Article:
The engineering firm held responsible for the 2000 Hatfield train crash in which four people died has had its fine reduced by a quarter following the hearing of its case in the court of appeal.
The court's lord chief justice, Lord Phillips, ruled that the original £10 million fine levied against Balfour Beatty was disproportionate to the £3.5 million which private rail industry administrator Railtrack was forced to pay.
"We consider there is scope for a reduction in the interests of proportionality which will still do justice to the applicable [legal] principles and, in particular, to the victims of the Hatfield disaster," Lord Phillips said.
In addition to the four fatalities, more than 100 people were injured when a faulty rail caused a train travelling at 115mph to derail.
Defence lawyers arguing Balfour Beatty's case said that its penalty should be reduced because the firm had pleaded guilty to the charge of breaking health and safety regulations in place at the time.
Balfour Beatty, which had been tasked with repairing the fault, had failed to do so despite knowing about it for nine months prior to the accident. A replacement rail had been laid next to the faulty track and was still lying there, unused, when the Great North Eastern Railway InterCity 225 train derailed on October 17th 2000.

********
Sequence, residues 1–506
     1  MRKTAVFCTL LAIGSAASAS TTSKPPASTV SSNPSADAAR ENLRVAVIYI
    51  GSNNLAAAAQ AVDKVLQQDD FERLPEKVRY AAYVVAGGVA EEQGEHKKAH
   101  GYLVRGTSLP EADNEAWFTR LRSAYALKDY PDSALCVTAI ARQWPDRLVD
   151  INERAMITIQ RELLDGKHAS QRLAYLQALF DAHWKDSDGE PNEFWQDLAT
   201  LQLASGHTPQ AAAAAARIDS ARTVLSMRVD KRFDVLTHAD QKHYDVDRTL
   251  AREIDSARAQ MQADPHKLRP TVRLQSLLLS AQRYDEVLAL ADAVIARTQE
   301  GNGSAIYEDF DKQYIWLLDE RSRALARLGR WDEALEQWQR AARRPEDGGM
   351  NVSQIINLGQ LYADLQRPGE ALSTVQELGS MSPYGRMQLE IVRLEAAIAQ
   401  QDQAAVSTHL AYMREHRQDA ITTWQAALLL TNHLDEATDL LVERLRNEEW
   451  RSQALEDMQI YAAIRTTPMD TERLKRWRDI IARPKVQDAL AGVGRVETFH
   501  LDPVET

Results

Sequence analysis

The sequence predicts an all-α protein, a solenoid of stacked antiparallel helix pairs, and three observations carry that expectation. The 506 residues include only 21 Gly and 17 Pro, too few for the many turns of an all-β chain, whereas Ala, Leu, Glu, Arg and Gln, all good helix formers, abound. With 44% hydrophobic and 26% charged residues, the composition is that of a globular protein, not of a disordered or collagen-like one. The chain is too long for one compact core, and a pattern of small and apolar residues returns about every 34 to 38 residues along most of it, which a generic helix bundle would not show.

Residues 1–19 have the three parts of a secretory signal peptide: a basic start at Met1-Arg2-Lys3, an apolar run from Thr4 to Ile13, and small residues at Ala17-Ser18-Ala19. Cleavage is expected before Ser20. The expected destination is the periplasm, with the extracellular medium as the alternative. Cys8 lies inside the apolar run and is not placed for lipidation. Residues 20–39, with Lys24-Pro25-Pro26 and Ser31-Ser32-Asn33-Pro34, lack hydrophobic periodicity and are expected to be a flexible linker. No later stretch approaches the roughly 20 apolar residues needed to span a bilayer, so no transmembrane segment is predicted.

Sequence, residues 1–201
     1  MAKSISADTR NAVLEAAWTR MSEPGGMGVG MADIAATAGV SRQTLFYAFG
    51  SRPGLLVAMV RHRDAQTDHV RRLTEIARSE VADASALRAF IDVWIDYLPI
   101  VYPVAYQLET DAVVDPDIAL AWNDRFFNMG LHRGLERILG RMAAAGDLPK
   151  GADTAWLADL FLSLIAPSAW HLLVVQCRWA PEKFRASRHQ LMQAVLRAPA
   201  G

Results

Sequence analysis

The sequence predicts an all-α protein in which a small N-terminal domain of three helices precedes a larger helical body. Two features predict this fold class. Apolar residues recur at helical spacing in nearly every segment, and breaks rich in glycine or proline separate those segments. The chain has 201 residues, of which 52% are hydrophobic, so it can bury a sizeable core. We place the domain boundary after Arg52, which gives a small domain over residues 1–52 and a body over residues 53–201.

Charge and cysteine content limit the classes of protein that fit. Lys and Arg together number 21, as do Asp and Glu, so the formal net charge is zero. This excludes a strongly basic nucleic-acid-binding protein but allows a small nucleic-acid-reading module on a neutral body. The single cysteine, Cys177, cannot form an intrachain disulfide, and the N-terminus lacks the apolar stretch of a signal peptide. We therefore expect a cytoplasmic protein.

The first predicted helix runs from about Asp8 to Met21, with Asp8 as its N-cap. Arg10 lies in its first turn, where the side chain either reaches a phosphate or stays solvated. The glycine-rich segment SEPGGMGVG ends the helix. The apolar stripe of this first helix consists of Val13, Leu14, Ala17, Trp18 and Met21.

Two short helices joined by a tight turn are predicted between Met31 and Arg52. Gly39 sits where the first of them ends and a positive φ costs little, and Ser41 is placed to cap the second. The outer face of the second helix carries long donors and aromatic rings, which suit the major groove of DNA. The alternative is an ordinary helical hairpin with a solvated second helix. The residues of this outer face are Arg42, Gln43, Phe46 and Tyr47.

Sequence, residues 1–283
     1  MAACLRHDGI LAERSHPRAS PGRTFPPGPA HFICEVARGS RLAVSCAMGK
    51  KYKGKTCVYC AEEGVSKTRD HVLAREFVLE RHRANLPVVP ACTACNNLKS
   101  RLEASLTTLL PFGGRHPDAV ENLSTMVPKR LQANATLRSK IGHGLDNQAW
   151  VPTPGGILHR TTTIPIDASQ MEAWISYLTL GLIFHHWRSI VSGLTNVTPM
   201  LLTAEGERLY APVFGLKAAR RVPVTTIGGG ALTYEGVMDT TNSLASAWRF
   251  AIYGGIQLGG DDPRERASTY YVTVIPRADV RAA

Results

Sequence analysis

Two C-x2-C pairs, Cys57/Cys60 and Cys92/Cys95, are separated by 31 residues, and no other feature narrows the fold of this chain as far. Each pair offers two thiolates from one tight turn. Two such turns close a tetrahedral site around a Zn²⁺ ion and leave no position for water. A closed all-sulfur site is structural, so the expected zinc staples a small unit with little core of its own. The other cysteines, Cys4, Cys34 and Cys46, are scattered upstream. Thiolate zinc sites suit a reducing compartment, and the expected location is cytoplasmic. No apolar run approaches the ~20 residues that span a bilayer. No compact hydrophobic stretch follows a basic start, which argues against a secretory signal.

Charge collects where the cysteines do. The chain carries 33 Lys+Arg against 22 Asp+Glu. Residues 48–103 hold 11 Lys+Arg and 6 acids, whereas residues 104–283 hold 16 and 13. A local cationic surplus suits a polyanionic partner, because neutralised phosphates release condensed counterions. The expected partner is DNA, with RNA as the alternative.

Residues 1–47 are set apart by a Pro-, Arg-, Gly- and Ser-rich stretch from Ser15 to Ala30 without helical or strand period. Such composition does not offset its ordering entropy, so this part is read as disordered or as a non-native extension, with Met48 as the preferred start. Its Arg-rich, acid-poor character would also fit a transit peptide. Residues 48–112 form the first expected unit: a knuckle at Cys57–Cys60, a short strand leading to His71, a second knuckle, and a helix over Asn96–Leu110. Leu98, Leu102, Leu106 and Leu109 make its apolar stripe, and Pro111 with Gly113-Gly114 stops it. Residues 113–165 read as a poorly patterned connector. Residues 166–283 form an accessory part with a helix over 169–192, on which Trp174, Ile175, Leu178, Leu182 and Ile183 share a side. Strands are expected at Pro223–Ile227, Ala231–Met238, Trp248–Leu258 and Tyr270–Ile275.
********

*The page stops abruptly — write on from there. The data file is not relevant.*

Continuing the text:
The engineering firm released positive first-half year results in a trading statement released last week, saying that the market remained upbeat and that its "order book has grown to over £8.5 billion".
But it strove to emphasise its regret for the role it played in contributing to the crash in a statement released today.
"Hatfield was a tragedy and our thoughts remain with the bereaved families and those injured and otherwise affected by it," Balfour Beatty said.
"In entering its plea [Balfour Beatty] accepted inadequacies in its patrolling and inspection activities, for which it once again apologises."